This article was published at Hamline University by Anne Kopas on April 15, 2021.
Hamline’s new special education program helps fill the urgent need for qualified special education teachers in Minnesota.
Hamline now offers initial and additional licensure in special education with specialization options in the areas of academic behavioral strategist or autism spectrum disorder. Hamline’s special education graduate programs are designed for working adults, with many courses offered online or in hybrid format. Clinical experiences are customizable to meet each student’s needs.
Starting fall term 2021, students with a bachelor’s degree can begin the initial special education license, blending general foundational education courses with special education-specific courses.
Autism Spectrum Disorder and Academic Behavioral Strategist License
Then, starting summer 2022, teachers can earn an additional license in autism spectrum disorder (ASD) or as an academic behavioral strategist (ABS).
The ASD license will prepare teachers to address the needs of autism-spectrum learners, including strategies for communicating with both students and their families, as well as the specific abilities and challenges of this population.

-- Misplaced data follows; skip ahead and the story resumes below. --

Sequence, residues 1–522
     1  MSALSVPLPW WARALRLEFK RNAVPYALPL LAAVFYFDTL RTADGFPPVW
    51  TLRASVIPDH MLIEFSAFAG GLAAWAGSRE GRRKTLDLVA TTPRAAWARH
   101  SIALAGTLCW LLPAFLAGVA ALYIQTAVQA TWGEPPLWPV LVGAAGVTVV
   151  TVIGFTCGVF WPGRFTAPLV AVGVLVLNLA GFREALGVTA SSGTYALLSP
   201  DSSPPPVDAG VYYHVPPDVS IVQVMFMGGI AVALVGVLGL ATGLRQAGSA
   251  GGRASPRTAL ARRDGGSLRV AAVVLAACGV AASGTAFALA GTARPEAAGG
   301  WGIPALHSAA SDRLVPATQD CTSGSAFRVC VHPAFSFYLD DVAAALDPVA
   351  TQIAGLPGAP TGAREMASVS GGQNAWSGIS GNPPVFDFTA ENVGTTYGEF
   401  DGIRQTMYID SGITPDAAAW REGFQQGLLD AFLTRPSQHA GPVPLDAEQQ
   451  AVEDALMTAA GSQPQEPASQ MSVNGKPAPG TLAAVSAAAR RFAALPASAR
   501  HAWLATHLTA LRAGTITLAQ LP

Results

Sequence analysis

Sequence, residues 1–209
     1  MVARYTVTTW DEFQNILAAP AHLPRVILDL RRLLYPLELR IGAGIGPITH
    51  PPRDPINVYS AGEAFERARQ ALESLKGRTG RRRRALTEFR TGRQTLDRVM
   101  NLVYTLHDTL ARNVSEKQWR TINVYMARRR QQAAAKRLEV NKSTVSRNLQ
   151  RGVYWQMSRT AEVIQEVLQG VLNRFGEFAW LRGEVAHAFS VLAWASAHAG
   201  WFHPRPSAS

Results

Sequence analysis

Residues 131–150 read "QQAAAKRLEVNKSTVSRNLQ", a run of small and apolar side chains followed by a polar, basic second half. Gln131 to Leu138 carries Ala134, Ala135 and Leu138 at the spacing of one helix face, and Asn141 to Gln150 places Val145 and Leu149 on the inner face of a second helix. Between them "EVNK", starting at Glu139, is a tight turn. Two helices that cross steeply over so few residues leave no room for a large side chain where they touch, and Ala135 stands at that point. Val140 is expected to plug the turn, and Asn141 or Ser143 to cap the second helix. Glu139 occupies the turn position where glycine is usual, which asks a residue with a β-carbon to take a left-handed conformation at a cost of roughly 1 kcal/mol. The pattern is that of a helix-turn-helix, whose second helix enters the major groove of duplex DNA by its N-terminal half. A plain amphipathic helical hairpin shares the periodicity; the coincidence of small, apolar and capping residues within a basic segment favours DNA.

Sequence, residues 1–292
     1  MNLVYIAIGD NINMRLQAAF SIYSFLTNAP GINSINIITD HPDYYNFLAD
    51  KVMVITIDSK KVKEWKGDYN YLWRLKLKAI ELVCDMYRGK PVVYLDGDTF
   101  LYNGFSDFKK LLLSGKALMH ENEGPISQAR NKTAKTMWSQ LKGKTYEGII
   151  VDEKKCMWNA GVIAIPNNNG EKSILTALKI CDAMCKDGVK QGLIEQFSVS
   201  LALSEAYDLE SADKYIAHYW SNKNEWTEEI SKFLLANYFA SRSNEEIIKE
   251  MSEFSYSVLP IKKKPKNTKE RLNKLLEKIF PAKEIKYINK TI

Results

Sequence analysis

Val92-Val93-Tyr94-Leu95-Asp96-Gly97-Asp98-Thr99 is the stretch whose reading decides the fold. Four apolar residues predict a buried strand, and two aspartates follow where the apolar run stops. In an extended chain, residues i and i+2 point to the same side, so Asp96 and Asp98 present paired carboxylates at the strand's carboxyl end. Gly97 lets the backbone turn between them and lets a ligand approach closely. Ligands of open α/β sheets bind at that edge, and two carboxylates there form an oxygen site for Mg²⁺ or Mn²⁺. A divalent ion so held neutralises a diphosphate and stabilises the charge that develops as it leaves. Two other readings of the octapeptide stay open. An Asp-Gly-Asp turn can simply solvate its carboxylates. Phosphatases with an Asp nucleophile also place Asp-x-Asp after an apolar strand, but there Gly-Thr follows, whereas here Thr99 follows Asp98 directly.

The ABS license prepares teachers to manage today’s diverse classrooms more broadly. The license positions teachers for a variety of classroom roles; they’ll gain the skills to address the needs of students with learning or other disabilities, along with general strategies for ensuring classrooms remain a safe, encouraging environment for all students.
Statewide special education shortage
As the demand for special education teachers grows, schools are struggling to fill open positions. In 2020, the Minnesota Professional Educators Licensing and Standards Board identified academic behavioral strategy as a statewide shortage area. With a special education license, teachers can position themselves as competitive candidates for top roles.
The Hamline School of Education and Leadership’s advocacy-based approach to learning has gained attention statewide: Over the past six years, three of Minnesota’s Teachers of the Year have been Hamline alumni.
“These new special education programs will address critical areas of need, while also building on HSEL’s central emphasis: equity and advocacy for all students and families, particularly those who have been historically marginalized or underserved,” said Joe Lewis, associate professor and department chair for the School of Education and Leadership.
Coursework encourages teachers to find ways to address today’s education issues, like the opportunity gap. Special education licensure prepares teachers to make a real difference in the lives of students whose abilities are too-often overlooked, said Lewis.
“Our graduates will have the knowledge, skills, and dispositions they need to make a difference in the world, one student and one family at a time,” said Lewis.